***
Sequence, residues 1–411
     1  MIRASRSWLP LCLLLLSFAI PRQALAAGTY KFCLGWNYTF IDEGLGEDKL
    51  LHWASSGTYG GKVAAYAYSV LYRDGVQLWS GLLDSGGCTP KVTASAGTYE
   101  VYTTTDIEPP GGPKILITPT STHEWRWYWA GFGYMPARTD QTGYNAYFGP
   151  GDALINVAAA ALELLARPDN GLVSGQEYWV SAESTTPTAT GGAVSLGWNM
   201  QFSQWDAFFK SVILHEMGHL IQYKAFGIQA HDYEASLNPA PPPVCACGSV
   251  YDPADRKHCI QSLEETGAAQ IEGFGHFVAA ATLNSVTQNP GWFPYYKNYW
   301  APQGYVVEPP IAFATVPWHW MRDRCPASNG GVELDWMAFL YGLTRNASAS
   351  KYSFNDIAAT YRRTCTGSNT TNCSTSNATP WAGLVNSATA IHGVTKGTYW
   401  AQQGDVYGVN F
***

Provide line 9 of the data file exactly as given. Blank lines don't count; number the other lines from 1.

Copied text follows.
   351  KYSFNDIAAT YRRTCTGSNT TNCSTSNATP WAGLVNSATA IHGVTKGTYW